Of crashing polls and caucuses: An update from Iowa

If you’re looking for some quality, on-the-ground coverage of the ongoing political messes in Iowa, be sure to check out the coverage from our new sister publication, the Iowa Capital-Dispatch. Over the last few days, editor Kathie Obradovich (former opinion editor of the Des Moines Register) and reporter Linh Ta have been working hard to stay on top of things in the Hawkeye state. Here’s Ta’s latest on last night’s breakdown of the caucus system:

A television monitor shows a statement from the Joe Biden campaign raising concerns about the delay in caucus results. (Iowa Capital Dispatch photo)

Democrats’ caucus results delay raises questions, criticism

The Iowa Democratic Party’s delay in reporting caucus results sparked more criticism of the state’s first-in-the-nation status Monday.

While the winner of the Iowa caucus isn’t normally finalized until late in the evening of the event, it’s typical for results to be released throughout the night, giving some indication of front-runners and losers.

The Iowa Democratic Party has still failed to release any numbers by 9 a.m. Tuesday, resulting in angst on social media, criticisms from President Donald Trump’s campaign, and even some harsh words from the Democratic presidential candidates.

In an update to the public Tuesday morning, the Iowa Democratic Party released a statement saying there were inconsistencies with caucus reports Monday evening, resulting in an investigation that delayed the release of public numbers.

For the first time this year, precincts used apps to report the results from their caucuses. While the data the app collected was accurate, only partial numbers were being reported due to a coding error, according to the news release.

“As this investigation unfolded, IDP staff activated pre-planned backup measures and entered data manually. This took longer than expected,” according to the news release.

Because paper documentation of the results is required as well from precincts, the party was able to verify the data from the app with the submitted papers, according to the news release. Results from the caucuses are expected to be released on Tuesday.

Dana Remus, general counsel for former Vice President Joe Biden’s campaign, said in a letter to the state party: “I write on behalf of the Biden for President Campaign regarding the considerable flaws in tonight’s Iowa caucus reporting system … The app that was intended to relay caucus results to the party failed; the party’s back-up telephonic reporting system likewise has failed.”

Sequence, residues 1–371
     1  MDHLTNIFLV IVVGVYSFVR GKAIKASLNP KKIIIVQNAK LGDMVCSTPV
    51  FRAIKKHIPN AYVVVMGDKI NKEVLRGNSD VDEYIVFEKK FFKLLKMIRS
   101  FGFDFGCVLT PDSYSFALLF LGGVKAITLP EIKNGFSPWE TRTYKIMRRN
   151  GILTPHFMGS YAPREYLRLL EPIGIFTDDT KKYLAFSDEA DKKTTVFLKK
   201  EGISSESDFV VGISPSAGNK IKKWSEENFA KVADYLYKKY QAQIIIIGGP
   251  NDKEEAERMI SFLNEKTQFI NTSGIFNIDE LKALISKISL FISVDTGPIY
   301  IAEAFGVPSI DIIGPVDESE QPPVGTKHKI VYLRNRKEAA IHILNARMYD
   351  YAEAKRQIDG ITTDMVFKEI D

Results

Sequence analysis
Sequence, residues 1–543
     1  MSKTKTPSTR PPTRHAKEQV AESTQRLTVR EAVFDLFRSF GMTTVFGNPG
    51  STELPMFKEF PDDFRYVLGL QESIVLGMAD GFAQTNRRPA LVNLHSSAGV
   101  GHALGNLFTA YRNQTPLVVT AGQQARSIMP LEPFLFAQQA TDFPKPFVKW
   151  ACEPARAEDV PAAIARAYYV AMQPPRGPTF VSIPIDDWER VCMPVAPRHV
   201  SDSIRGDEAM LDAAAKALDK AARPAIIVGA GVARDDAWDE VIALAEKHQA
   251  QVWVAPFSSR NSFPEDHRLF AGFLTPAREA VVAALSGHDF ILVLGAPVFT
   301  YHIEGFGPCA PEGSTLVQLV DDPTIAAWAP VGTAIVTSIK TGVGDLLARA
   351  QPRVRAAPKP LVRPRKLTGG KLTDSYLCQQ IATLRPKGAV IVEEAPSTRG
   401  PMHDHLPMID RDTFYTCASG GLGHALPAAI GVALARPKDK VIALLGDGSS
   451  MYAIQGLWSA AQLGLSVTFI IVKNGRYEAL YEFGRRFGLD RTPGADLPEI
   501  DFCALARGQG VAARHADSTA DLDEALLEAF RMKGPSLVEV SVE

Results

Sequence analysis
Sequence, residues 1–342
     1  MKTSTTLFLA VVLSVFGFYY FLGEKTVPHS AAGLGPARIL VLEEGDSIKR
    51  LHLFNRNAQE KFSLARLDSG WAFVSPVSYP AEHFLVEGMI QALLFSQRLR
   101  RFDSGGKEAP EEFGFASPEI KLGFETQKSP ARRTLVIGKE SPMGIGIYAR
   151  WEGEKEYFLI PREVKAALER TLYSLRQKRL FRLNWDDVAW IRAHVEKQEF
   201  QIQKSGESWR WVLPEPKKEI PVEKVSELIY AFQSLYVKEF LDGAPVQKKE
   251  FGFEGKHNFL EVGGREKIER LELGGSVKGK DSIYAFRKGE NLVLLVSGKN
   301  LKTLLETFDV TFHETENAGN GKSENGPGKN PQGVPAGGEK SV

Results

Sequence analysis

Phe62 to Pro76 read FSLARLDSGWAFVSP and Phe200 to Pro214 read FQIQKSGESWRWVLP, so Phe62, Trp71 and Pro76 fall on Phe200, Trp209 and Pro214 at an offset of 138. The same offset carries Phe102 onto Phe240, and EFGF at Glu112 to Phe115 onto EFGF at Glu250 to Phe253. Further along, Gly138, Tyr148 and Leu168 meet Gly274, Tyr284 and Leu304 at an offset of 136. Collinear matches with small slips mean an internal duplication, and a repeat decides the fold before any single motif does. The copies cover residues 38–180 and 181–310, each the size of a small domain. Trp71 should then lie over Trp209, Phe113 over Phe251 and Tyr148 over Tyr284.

Iowa Democratic Party chairman Troy Price read a statement during a media call just after 1 a.m. He said the party was manually reviewing results from all precincts and he expected to have results later on Tuesday.  “The integrity of our process and the results have and always will be our top priority,” he said. He reiterated previous party statements that the problem was a “reporting issue, not a hack or an intrusion.”

Click here to read the rest of the story.

Meanwhile, if you’re still wondering about the seemingly bizarre demise of the final Iowa poll, here’s part of Obradovich’s take:

The Des Moines Register announced it would not publish its much-anticipated Iowa Poll on Feb. 2, 2020, after a polling error. (Photo by Kathie Obradovich/Iowa Capital Dispatch)

Lack of Iowa Poll is disappointing but not a conspiracy

I was as shocked as anyone in the political world when the Register announced Saturday night that it would not release its much-anticipated final poll before the Iowa caucuses.  I also felt a sharp sense of grief, almost like I was learning about a sudden death in the family.

Most of that came from empathy for my former colleagues at the Register and for pollster Ann Selzer, who must have been devastated.  The Register reported that the decision was made to cancel publication of the poll after Pete Buttigieg’s campaign complained that his name had been left off the list of candidates by an interviewer during at least one survey call.

CNN, the Register’s partner for the poll, did an internal investigation that found that an operator had enlarged the font on his or her computer screen. That cut off Buttigieg’s name, which was at the end of the list, the Register reported.  The list of candidates is randomized so the names are in a different order with each interview. The Register reported that the polling partners were unable to determine whether this error happened more than once to Buttigieg or other candidates.

The Register, CNN and Selzer made an excruciatingly hard decision, but it was the right one.  They could not be sure of the integrity of the poll and integrity was the only thing that mattered.

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